Thank God for Les Binet and Peter Field. They seem to be almost single-handedly proving the case for the broad marcoms industry. If you haven’t got your hands on the initial findings of their new report, produced through the IPA, then let me summarise crudely: brands need to invest in paid media and emotive creativity if they want to grow.
Duh. Pretty bloody obvious stuff, huh? Well, perhaps not any more. Mass-market advertising is hardly the exciting new solution favoured by fashionable marketers looking for an edgy (and cheap) strategy and not too bothered about long-term brand-building because, heck, they won’t be hanging around to enjoy the rewards of that.
Even the big beasts of marketing have stumbled. Back in the summer, Procter & Gamble told analysts that it would be increasing its ad budgets for the year ahead, spurred by a dismal 8% slump in sales. Oh, sure, profits were up by a staggering 49%, but marketing investment had been reduced and sales were sliding. Eventually, P&G realised that cost-cutting is not a long-term strategy for growth and the company has now pledged to put money back into "making consumers aware of our products and communicating their benefits". Janet and John marketing, yes, but even the mighty P&G had taken its eye off the basics.
So the Binet and Field study is a powerful reminder that marketing budgets and mass reach matter more than ever in the digital age. Penetration (reaching a broad audience) is still three times more likely to be the main driver of growth and profit compared with loyalty (consistently reaching the same group of engaged consumers), and brands that use paid media typically grow three times faster than those that rely on owned and earned media alone. So having sufficient budget to sustain a paid-for media strategy is vital – ask P&G now.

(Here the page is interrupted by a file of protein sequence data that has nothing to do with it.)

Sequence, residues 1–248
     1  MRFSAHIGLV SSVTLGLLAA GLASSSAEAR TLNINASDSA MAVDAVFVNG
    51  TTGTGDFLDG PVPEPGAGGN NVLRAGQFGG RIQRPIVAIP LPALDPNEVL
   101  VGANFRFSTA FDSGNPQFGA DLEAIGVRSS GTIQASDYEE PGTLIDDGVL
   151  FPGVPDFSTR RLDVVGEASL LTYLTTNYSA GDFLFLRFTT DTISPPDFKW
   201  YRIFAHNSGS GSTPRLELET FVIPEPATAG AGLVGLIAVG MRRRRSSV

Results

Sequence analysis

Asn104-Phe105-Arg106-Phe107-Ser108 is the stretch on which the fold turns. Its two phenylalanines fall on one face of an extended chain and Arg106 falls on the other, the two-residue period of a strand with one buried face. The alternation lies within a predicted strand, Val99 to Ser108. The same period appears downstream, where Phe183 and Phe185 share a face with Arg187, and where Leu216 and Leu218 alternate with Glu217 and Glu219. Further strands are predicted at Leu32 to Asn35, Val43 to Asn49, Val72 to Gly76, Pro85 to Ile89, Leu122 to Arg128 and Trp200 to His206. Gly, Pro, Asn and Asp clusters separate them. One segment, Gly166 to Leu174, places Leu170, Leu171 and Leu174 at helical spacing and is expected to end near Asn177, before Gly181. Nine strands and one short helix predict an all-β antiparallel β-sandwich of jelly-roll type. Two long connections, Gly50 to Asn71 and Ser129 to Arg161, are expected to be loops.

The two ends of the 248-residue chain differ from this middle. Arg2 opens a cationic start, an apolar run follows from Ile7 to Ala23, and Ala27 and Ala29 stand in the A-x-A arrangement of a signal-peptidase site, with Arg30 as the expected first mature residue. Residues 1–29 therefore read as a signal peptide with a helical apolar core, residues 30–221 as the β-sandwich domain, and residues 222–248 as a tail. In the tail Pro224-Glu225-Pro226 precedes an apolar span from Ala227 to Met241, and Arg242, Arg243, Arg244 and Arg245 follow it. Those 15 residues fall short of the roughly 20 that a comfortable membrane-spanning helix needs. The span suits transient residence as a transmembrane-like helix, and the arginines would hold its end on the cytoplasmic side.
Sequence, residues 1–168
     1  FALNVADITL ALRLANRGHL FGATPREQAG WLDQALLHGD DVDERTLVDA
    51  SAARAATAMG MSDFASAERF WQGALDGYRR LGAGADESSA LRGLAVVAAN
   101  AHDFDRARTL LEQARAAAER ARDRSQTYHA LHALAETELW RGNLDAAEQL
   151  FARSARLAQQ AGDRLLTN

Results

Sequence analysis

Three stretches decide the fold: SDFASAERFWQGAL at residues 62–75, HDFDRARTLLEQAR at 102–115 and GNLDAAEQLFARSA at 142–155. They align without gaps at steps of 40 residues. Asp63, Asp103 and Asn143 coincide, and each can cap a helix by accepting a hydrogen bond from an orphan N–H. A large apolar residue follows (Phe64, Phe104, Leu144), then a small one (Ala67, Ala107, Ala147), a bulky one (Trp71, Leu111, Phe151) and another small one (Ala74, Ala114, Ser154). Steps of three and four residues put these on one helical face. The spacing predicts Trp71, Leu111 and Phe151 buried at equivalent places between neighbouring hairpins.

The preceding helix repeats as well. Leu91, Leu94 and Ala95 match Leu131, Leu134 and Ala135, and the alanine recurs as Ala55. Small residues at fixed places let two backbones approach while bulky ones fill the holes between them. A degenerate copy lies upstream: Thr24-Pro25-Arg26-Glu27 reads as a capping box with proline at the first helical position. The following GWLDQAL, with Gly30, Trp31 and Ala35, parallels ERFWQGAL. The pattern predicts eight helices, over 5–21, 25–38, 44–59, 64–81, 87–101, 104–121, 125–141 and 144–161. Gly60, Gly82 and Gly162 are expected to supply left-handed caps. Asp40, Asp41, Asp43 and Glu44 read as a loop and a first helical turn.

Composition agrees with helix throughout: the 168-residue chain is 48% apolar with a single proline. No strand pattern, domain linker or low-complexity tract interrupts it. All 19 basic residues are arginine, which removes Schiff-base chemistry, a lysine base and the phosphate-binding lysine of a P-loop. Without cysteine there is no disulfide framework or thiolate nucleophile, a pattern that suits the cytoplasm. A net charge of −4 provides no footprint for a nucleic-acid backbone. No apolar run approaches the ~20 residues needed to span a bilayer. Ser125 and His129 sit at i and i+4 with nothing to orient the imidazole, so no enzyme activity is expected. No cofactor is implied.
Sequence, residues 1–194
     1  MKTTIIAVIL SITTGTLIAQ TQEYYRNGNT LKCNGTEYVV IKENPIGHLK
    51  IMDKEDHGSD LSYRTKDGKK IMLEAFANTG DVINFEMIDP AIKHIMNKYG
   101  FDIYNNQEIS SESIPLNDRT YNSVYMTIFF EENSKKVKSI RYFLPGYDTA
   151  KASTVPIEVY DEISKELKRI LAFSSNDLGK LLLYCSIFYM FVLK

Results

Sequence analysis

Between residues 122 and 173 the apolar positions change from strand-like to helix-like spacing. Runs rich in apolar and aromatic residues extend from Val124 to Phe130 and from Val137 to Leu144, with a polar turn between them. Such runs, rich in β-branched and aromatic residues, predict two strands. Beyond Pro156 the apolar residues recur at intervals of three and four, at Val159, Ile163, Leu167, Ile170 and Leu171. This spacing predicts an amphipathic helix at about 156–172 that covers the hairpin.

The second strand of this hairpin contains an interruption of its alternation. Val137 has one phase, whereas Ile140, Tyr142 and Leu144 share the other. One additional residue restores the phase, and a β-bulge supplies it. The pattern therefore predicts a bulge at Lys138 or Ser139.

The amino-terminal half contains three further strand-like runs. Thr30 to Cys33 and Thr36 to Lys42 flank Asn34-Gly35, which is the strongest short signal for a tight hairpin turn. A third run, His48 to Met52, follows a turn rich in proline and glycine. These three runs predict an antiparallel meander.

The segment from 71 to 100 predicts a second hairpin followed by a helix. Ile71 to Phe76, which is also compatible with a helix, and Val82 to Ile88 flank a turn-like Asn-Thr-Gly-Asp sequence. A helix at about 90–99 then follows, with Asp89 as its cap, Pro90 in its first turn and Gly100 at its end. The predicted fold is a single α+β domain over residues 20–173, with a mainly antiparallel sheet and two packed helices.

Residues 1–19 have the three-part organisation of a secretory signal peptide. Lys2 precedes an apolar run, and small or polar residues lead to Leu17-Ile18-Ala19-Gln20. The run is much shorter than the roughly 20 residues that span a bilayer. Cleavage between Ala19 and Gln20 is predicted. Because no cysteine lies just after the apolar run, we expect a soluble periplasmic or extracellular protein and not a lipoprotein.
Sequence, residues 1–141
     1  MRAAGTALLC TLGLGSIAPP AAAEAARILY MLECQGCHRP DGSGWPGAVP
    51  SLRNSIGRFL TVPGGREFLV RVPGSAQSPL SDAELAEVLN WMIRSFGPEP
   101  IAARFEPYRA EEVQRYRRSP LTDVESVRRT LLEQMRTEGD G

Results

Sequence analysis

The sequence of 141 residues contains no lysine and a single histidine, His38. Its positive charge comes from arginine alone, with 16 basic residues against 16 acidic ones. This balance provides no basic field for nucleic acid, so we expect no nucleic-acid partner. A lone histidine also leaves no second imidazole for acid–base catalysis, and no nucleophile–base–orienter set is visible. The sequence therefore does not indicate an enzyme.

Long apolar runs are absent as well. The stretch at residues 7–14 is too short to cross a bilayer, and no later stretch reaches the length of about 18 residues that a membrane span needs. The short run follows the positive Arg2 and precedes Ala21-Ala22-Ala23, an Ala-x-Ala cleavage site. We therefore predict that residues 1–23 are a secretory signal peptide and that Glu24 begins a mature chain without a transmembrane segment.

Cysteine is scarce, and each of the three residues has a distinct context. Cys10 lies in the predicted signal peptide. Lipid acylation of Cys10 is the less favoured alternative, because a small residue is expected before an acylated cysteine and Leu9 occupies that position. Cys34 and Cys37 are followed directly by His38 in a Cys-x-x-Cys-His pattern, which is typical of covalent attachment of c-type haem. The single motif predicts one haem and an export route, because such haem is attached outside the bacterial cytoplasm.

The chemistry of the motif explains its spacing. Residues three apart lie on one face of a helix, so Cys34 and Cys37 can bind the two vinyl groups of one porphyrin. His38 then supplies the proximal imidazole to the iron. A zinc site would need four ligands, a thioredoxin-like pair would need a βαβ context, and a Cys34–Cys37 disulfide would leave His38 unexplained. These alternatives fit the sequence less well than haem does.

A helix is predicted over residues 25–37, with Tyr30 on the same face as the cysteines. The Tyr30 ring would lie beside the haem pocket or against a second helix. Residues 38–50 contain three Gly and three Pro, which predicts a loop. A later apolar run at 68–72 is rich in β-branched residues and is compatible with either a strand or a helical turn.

Mind you, as Bridget Angear points out in her review of this year’s IPA Effectiveness Awards shortlist, almost half of the 39 papers thumbed their nose to that other fount of marketing wisdom, Byron Sharp, by focusing on specific audiences and proving that mass targeting isn’t essential to brand-building. Interestingly, though, quite a few of these renegades (The Economist, Pepsi Max, Eurotunnel etc) have spent years brand-building in mass media, so there’s hardly a clear-cut case here.
Anyway, the final word should go to John Lewis – winner of the Effectiveness Grand Prix. Brilliant, emotive creative underpinned by a properly resourced, paid-for media plan has created lasting fame and cultural relevance for the brand. Most importantly, though, the strategy has delivered a return on marketing investment of 8:1. Binet and Field would approve.